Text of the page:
Under the aforesaid standard, we take odds with the appellant's contention that Commonwealth v. Watson, 494 Pa. 467, 431 A.2d 949 (1981) entitled her to a jury instruction explaining the relevancy of the victim's prior acts of violence as a defense for her shooting the victim.

Watson makes no such pronouncement warranting, ipso facto, a jury instruction when there is evidence of prior violent acts by the victim upon the defendant. Rather, Watson stands for the proposition that a history of the defendant's abuse at the hands of the victim is relevant to support a claim of self-defense. Accord Commonwealth v. Stewart, 483 Pa. 176, 394 A.2d 968 (1978) and Commonwealth v. Darby, 473 Pa. 109, 373 A.2d 1073 (1977), wherein both cases found that a defendant should have been allowed to testify to knowledge of the decedent's prior violent behavior to corroborate an accused's testimony as to a justification defense.

[ 372 Pa. Super. Page 516]

Instantly, the appellant was given the opportunity to and did present evidence regarding the prior acts of violence by the decedent against her. Thus, we find the Watson requirement of allowing evidence of prior acts of violence by the decedent upon the defendant to have been satisfied. Therefore, the conclusion drawn by the appellant from the Watson ruling is unjustified, and this, in ineffectiveness of counsel terms, means there is no arguable merit to the claim. (See Trial Court Opinion at 14-15) Ergo, counsel will not be held to have rendered less than competent representation to the appellant at trial.

Moreover, we find that Commonwealth v. Fisher, 342 Pa. Super. 533, 493 A.2d 719 (1985) is not supportive of a new trial, under the particular facts of this case.

In Fisher, trial counsel was held to be inept for submitting an untimely charge seeking to present to the jury evidence of the victim's prior acts of violence against the appellant. Because this evidence was deemed to be appropriate to reflect on the appellant's reasonableness in believing he was faced with imminent death or serious bodily injury, we reversed the judgment of sentence and remanded for a new trial.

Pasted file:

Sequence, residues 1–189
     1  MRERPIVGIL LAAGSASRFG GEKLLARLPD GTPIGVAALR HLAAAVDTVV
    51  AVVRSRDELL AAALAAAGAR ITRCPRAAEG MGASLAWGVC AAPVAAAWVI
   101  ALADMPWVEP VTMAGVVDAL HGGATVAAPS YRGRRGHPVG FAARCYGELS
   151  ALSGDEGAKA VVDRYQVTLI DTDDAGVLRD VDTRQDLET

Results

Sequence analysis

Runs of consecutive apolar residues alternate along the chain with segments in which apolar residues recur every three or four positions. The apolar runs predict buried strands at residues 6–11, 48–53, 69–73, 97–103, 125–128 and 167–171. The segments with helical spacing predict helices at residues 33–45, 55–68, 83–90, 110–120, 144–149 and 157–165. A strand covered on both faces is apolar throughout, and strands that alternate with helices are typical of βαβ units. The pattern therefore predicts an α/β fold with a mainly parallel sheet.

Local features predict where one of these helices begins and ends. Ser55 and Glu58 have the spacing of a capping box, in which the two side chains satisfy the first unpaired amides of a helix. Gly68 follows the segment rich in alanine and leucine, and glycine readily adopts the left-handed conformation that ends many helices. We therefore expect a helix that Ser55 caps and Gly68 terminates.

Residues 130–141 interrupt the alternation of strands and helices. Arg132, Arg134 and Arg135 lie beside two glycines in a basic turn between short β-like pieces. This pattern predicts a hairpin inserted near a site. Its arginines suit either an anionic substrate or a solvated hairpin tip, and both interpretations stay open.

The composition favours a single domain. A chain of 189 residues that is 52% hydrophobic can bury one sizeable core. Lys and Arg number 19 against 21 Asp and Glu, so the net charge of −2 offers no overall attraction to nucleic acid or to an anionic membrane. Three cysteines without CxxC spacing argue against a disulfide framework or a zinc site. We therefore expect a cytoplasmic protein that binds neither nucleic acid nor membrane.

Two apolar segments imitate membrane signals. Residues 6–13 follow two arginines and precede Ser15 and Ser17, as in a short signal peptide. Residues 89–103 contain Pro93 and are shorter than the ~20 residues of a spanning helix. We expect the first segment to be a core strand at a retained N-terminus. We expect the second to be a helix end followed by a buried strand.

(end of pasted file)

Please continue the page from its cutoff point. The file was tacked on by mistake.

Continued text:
Instantly, unlike in Fisher, the record is replete with instances in which the history of physical abuse of the appellant by the victim was recounted in depth and at length. In contrast, in Fisher it appears that the only evidence of the prior incidents of physical abuse by the victim against the appellant would have surfaced solely through trial counsel's requested charge, which was denied by the trial court. Therefore, we find the case at bar to be more akin to Commonwealth v. Tyson, 363 Pa. Super. 380, 526 A.2d 395 (1987), wherein a claim of ineffectiveness of counsel for failure to request a jury instruction concerning the victim's prior acts of violence was found wanting. In doing so, we wrote the following:

[ 372 Pa. Super. Page 517]

The basis of Appellant's argument is that this type of instruction was necessary because the evidence adduced at trial of the victim's prior acts of violence was critical to show Ms. Tyson's state of mind when she allegedly acted in self-defense in shooting the victim.

As set out earlier in this writing, it is elementary that a finding of ineffectiveness can never be made unless we conclude that Appellant was prejudiced by counsel's conduct or strategy to the extent that it is reasonable to determine that the result would have been different had counsel pursued the action currently proposed. Commonwealth v. Pierce, supra.

"A court's charge to the jury will be upheld if it adequately and accurately reflects the law and was sufficient to guide the jury properly in its deliberations." Commonwealth v. Stonehouse, supra [358 Pa. Super. 270], 517 A.2d [540] at 545 [1986], citing Commonwealth v. Reynolds, 256 Pa. Super. 259, 389 A.2d 1113, [1]122 (1978).